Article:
Which multimeter are you using?

What does this mean (from the Brymen's spec page):

AC voltage measuring accuracy ±(0,5% + 30 digits)

Specifically, the "+ 30 digits" part?

I believe it is the same as LSB when speaking about ADC or DAC: +/- 30 of what the smallest digit shown on the display represents.

None. Mine broke after I decided to take it apart due to some faulty readings I was getting. The new one is from Banggood and should arrive this week.

I'm still struggling to get my head around it. 30 requires two digits, of course, so is it saying the last two digits displayed are basically nonsense? Why bother with a five or six digit display, in that case?

The Brymen 789 has 5 digits in the display and auto range. If I measure a 1.5V battery, it will display 4 digits after the dot. If I measure mains (230V), it will (only) display two digits after the dot. You can essentially say, the lower the voltage the more digits after the dot you will get.

A friend of mine works professionally as an electrician. He has (through his job) a Fluke DMM (do not know the actual model, it is a rugged one), and when comparing the measurements of a 1.5V AA battery, the difference between the two is 0.0003 volts. Measuring a 10K resistor gave same result. Not tried with a capacitor but I believe it would also be very close.

You didn't have a 2nd meter to help you understand what was going on with the first?

Yes, I did take a look at the specs, and it's an impressive meter. I just didn't understand the '30 digits' part. Still don't.

Good point. You don't have just one meter! :sunglasses:

Hank Hill WD-40
Gotta have tools to work on your tools

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I know how it died.

I kept forgetting to switch the settings and also didn't know how to measure amperage properly. Ended up just shorting and only the volts setting worked.

I just took a new meter out of its packaging.

I have to add my list:
In the spare room with my ham radio equipment is a BK toolkit 2703A that was part of a test set for a former product of a former customer.
In the garage, A Beckman tech300 that I bought in 1980 when I began my data communication consulting business.
In my shop, an unknown DVM identified as MY-6Y. My former business had dozens of excess DVM, so I selected one for home use.
Also in the shop is a Simpson 260 that I was issued in the 1970's by Airforce MARS, a military amateur radio affiliate organization.
All get used when necessary and all still work.

Our engineering class in my middle school is in a workshop, and just outside is an old auto body shop. Me and my friends took a poke around and found a Hitachi V209 oscilloscope.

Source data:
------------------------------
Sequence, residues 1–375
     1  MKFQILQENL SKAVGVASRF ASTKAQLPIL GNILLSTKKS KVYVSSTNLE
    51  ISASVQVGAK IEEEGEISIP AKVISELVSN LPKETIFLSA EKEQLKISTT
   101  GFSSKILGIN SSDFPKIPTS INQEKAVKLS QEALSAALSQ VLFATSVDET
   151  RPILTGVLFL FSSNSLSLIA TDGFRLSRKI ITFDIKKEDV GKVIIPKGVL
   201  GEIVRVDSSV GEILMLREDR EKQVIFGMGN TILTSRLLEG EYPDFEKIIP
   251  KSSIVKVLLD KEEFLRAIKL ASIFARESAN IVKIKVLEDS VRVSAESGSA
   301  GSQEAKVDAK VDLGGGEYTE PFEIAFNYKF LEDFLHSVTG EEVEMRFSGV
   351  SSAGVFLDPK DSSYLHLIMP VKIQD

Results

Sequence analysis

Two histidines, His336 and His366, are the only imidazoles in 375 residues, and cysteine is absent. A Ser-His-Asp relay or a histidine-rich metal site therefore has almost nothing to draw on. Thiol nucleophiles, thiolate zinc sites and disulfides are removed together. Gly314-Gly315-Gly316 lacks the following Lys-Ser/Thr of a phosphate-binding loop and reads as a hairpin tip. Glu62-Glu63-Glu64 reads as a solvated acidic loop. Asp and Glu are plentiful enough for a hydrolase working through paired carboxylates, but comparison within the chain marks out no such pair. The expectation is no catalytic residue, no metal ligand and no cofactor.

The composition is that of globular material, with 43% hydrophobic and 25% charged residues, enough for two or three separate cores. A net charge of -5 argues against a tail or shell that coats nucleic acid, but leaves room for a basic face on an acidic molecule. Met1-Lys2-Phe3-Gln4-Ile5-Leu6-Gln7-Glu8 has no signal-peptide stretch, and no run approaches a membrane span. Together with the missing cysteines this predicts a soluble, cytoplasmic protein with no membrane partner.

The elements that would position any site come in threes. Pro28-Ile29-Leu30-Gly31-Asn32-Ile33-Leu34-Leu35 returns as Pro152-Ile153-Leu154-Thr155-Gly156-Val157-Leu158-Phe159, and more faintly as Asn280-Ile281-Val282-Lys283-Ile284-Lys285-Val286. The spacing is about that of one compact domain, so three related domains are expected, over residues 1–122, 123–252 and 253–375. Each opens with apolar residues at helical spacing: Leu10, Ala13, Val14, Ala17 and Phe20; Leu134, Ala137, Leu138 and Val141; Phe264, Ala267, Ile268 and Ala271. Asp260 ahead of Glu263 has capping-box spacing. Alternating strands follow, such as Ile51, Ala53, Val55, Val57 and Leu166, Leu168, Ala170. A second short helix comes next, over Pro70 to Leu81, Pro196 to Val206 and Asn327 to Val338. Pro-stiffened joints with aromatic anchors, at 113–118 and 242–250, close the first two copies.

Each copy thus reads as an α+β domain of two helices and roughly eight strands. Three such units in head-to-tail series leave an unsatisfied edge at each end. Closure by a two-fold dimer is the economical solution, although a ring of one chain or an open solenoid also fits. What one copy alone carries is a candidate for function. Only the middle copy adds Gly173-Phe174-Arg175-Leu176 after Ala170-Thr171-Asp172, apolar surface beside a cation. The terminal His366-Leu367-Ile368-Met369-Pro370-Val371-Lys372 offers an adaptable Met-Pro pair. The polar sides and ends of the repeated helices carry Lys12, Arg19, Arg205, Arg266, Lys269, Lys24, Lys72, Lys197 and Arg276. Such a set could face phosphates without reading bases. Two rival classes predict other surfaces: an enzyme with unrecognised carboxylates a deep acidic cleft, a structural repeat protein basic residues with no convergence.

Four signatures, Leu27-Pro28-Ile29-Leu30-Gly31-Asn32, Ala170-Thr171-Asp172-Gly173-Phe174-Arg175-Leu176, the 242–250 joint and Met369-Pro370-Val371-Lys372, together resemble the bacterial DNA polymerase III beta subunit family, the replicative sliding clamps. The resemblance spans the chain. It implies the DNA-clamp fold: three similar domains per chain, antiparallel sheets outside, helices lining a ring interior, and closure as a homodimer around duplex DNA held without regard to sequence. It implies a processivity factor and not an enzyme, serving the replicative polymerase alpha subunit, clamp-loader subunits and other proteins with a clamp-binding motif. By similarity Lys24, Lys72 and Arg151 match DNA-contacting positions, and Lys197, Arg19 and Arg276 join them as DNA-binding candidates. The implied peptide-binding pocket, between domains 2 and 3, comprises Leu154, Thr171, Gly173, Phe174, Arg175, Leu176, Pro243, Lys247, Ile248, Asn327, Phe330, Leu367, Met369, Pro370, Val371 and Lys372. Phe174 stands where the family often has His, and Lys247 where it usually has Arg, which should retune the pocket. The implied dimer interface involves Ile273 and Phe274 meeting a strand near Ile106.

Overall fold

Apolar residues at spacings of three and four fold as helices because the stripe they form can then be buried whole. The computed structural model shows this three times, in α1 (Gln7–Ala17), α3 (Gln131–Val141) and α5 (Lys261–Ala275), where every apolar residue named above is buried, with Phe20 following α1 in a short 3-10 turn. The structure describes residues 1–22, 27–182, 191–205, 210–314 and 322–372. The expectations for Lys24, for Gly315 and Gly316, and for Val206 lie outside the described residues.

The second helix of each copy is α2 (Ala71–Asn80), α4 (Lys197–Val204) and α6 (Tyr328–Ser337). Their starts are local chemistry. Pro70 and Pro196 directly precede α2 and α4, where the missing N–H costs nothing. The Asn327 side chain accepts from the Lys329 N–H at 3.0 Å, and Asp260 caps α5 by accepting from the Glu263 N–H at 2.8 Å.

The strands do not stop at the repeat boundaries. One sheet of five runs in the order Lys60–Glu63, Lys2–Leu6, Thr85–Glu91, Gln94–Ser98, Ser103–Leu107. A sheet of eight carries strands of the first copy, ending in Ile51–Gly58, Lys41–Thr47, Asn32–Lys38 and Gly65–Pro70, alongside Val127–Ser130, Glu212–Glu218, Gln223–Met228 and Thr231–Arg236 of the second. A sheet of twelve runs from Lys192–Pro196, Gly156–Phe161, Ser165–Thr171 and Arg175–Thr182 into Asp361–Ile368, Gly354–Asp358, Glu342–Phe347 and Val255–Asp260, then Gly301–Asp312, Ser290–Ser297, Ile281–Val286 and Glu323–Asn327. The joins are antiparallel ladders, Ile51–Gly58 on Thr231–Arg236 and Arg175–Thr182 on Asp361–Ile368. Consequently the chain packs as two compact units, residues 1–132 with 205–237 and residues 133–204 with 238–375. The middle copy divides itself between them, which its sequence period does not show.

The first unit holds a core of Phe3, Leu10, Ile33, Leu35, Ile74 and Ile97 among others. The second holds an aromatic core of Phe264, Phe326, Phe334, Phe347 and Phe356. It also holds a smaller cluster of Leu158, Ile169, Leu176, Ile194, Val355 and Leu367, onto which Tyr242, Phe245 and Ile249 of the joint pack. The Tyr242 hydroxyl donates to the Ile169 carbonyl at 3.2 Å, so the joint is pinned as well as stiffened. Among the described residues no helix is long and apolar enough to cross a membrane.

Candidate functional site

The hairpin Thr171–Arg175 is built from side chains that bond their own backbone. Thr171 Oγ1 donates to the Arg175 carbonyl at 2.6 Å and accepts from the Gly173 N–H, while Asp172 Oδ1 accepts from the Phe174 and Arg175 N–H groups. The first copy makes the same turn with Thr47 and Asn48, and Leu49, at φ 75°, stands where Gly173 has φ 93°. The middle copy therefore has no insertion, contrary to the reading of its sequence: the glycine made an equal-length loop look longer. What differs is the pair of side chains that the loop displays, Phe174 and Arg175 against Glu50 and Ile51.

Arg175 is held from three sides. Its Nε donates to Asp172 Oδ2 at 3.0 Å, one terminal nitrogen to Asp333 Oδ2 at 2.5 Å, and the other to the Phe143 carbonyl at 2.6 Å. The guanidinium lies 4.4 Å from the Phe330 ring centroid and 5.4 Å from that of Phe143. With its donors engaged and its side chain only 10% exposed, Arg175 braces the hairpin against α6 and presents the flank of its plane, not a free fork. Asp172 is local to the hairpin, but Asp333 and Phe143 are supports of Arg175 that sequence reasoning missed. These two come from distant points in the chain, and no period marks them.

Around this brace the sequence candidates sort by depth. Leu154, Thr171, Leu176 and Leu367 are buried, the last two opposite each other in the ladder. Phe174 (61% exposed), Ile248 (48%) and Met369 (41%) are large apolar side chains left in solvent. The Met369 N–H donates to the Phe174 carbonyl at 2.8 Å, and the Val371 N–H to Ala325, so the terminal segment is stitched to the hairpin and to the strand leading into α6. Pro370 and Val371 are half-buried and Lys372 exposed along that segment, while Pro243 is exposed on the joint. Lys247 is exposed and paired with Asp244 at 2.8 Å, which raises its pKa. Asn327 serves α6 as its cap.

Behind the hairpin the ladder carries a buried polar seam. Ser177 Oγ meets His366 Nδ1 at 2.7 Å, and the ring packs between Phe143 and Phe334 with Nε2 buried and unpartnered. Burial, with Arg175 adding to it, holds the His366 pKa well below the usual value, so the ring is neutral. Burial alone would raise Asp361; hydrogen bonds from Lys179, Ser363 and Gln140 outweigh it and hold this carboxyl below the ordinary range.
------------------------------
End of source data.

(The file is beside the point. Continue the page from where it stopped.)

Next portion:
For an idea of how old this thing is compared to something from Keysight or another company, here's the user manual:

V-209-Oszilloskop_Operation_Manual.pdf (2.5 MB)

It also uses a CRT as it's display. Because yes.

To be honest, neither do I. Maybe the claim is that the DMM uses 30 digits internally which is then rounded to fit into the 5 digit display. That would be quite impressive (and probably unnecessary), though!

Fluke 87V, and a few of them at work.

A benchtop Keysight model 34470A DMM, for calibration certification. (NATA Certified)

In 10years of doing cal/certs never had to fail a Fluke, except one that got run over. :sleepy:

Yet the Keysight failed its cal in first 12month checkup, replaced under warranty.

My first Fluke was model 77.

Nice bit of gear, someone else thought so to, only had it 6 months.

Tom... :grinning: :+1: :coffee: :australia:

Thank you for your answers. I continue to read them carefully and I will make my choice soon.

Forgot about this topic.. I am pretty sure that I figured out the "+ XX digit" stuff from product-bragging. Lets look at some A/C true RMS precision claims:

6V +/-(0.5% + 30 digit): 0.5% from 6V is 0.03V and 30 digits in a display with 4 decimals is 0.003V, so the accuracy must be +/-0.033V.

1000V +/-(0.5% + 30 digit): 0.5% from 1000V is 5V and 30 digits in a display with 1 decimal is 3V, so the accuracy must be +/-8V.

I would like to be corrected if I'm wrong about this.

EDIT: Calculatory brain fart.

I have a several multimeters of varying quality both digital and analog. The one I use the most frequently though is a Siglent SDM3045X. Not a high end multimeter but not a slouch either, it's a pretty good value in my opinion. The ability to dump readings into a file on a USB drive is pretty handy.

Hi, @Danois90 @SteveThackery
I find the DC specs are this, so it does cast doubt over the other specs

These are more than reasonable.


This link might help, the high digits is due to the many digits it can display.

If you want to see your DMM performance try this guy on YouTube.

Tom... :grinning: :+1: :coffee: :australia:
PS. I wonder about DMMs that have these fantastic digital resolution, then tell you the last digit can be 30 to 70 counts out.
When you analyze the accuracy you can throw out the last 1 or 2 digits anyway.


Thanks, @TomGeorge, that's very interesting.